Mark van Eeghen
refer to caption
Van Eeghen with the Oakland Raiders in 1979
No. 30, 34
Position:Running back
Personal information
Born: (1952-04-19) April 19, 1952 (age 71)
Cambridge, Massachusetts, U.S.
Height:6 ft 2 in (1.88 m)
Weight:223 lb (101 kg)
Career information
High school:Cranston West (RI)
College:Colgate (1971–1973)
NFL draft:1974 / Round: 3 / Pick: 75
Career history
Career highlights and awards
Career NFL statistics
Rushing yards:6,651
Rushing average:4.0
Rushing touchdowns:37
Receptions:174
Receiving yards:1,583
Receiving touchdowns:4
Player stats at NFL.com · PFR

Mark van Eeghen (born April 19, 1952)[1] is an American former professional football player who was a running back for ten years in the National Football League (NFL), during which he made two Super Bowl appearances. He played eight seasons for the Oakland Raiders (1974–1981) and then two seasons with the New England Patriots (1982–1983). Van Eeghen rushed for over 1,000 yards in three consecutive seasons from 1976 to 1978.[2]

Early life and education

Van Eeghen was born in Cambridge, Massachusetts on April 19, 1952. He played high school football at Cranston High School West in Cranston, Rhode Island, where he graduated in 1970 and earned all-state football honors as a senior.[3]

College career

He then played at Colgate University in Hamilton, New York, where he obtained a Bachelor of Arts degree in economics in 1974.[3] While at Colgate, he set the school's single-season rushing record in 1973 with 1,089 yards.[3] In his three college seasons, van Eeghen rushed for 2,591 yards and 27 touchdowns, while also catching 31 passes for 361 yards and 2 scores.[4] Van Eeghen was inducted into Colgate's Hall of Honor in 1980.[5]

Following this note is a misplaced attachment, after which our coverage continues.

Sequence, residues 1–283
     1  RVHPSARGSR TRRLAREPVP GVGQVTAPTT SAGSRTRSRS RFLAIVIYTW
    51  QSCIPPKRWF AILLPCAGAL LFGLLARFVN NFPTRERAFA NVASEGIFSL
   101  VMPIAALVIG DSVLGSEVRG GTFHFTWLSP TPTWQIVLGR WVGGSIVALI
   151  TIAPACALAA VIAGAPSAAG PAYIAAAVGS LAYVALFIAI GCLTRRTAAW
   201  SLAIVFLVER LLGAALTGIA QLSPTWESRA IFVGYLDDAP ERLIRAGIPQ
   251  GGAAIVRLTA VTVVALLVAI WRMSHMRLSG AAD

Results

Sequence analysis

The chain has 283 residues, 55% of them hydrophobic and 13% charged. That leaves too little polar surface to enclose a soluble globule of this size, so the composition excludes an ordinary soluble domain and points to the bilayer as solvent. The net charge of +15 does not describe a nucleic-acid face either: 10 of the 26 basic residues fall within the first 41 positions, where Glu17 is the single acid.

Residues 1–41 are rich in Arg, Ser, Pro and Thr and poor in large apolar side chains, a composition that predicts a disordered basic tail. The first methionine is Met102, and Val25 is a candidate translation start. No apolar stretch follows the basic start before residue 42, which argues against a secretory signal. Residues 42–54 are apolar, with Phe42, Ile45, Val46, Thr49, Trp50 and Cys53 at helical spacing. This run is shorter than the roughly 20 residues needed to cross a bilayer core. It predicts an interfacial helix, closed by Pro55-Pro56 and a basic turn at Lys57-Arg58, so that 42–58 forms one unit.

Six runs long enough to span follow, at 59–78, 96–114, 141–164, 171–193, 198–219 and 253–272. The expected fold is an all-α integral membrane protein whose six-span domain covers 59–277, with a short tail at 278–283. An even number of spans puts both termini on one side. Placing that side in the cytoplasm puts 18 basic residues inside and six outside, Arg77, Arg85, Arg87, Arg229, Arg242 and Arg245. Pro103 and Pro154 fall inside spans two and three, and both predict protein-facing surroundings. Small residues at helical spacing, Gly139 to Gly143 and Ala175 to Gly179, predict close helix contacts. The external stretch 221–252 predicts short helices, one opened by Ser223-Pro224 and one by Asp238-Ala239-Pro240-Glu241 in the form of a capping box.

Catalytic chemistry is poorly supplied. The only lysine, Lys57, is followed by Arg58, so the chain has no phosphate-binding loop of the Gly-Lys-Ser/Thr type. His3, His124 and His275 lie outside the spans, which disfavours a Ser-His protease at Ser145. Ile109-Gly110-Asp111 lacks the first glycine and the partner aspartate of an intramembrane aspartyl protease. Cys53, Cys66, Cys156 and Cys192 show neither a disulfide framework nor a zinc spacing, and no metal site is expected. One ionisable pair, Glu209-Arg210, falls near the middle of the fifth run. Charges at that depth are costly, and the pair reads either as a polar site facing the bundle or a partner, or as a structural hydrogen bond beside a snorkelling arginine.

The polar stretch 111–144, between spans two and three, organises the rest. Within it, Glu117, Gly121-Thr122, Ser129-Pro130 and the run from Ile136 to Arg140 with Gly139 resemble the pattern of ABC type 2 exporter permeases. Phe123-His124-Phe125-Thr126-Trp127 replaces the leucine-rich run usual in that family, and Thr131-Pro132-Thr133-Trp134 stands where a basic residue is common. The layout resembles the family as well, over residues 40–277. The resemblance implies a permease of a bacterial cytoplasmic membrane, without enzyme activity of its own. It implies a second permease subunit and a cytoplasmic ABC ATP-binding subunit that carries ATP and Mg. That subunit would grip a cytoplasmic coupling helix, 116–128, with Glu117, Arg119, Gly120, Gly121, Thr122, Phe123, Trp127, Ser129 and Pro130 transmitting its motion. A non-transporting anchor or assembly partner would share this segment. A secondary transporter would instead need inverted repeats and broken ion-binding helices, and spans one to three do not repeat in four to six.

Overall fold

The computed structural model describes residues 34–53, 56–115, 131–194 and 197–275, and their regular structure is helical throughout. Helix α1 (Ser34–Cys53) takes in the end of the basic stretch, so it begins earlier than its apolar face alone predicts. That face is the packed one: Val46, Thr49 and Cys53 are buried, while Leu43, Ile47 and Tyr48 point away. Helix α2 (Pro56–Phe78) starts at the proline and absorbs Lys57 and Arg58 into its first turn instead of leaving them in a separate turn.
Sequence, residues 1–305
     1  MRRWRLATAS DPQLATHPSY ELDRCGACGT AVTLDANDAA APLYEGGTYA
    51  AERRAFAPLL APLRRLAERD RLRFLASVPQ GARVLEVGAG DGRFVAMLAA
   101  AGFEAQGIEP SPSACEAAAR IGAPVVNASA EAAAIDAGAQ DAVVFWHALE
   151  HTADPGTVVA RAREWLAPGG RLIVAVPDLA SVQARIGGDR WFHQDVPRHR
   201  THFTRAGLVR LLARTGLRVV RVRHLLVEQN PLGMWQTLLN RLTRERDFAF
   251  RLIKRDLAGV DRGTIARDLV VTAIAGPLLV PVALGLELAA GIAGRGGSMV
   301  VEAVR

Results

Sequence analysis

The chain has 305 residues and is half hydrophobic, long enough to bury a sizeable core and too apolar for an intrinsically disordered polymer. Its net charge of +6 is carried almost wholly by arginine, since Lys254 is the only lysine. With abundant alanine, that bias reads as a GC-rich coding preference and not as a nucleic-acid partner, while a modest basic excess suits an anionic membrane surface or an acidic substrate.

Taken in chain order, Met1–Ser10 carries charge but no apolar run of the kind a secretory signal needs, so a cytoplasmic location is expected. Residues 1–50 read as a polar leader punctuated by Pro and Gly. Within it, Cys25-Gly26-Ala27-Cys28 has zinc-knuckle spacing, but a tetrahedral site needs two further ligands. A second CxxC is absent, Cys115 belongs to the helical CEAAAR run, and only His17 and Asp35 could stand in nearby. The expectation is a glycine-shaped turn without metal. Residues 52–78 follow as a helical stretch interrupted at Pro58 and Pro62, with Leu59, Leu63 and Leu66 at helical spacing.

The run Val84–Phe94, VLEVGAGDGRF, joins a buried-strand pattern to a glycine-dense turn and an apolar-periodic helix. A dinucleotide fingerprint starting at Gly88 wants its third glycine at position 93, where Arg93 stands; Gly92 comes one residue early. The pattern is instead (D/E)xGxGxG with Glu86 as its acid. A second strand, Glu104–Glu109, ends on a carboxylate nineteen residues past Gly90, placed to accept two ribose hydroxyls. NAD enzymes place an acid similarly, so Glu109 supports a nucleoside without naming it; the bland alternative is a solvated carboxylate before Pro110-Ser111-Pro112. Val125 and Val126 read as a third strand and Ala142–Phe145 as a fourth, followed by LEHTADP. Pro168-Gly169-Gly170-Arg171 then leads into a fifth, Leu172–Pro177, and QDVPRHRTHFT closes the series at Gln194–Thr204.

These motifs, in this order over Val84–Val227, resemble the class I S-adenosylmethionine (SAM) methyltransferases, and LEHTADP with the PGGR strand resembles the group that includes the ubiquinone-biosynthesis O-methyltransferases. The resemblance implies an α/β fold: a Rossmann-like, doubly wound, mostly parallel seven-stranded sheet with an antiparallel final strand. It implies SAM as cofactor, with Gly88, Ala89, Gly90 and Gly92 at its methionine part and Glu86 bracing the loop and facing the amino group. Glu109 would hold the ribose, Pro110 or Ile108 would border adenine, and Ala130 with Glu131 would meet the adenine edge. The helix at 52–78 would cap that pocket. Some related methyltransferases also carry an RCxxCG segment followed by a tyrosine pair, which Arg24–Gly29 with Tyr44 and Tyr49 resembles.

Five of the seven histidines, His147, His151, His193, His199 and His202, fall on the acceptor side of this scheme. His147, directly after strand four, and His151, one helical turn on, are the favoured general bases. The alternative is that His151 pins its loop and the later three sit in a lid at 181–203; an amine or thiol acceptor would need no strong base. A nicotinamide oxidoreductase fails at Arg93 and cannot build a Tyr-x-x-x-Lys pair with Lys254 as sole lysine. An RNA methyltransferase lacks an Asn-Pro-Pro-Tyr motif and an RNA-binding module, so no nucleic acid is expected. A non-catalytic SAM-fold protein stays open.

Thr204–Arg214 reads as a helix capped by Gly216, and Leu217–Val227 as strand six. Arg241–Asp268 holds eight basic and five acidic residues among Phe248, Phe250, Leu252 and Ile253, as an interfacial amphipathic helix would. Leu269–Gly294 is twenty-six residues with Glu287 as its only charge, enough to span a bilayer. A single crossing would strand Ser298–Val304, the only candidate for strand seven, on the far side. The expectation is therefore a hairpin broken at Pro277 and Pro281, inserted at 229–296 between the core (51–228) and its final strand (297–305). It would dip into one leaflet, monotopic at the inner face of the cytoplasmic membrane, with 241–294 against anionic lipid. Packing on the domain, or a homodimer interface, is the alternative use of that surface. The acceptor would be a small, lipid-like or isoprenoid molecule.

Professional career

Oakland Raiders

In 1974, Van Eeghen took over as fullback of the Oakland Raiders from Marv Hubbard, Colgate alumnus who van Eeghen cited as an influence in picking up blockers in blitz. He had 28 carries in his rookie season for 139 yards. He scored his first touchdown in the first game of the following season against the Miami Dolphins on September 22.[6] He got 136 carries for 597 yards for the whole season with three total scores. He had his first 1,000-yard season in 1976, which saw him carry the ball 233 times for 1,012 yards, with his first 100-yard game being on November 21 against Philadelphia.[7] In his first level of significant playoff action against the New England Patriots in the 1976 playoff run, he was the leading rusher for Oakland with 11 carries for 39 yards. With the Raiders down 21–10 in the fourth quarter, he scored on a touchdown run to narrow the deficit in a game the Raiders later won 24–21 in the Divisional Round.[8] In Super Bowl XI, he and Clarence Davis made up a running tandem that ran for over 200 combined yards on the Vikings, with van Eeghen running for 73 yards in the 32–14 victory that gave Oakland their first Super Bowl ring.[9] He received attention in his 1977 season with a career high in rushing yards, where he ran for 1,273 yards on 324 carries. He scored seven total touchdowns and received a Pro Bowl nomination and an All-Pro second team.[10]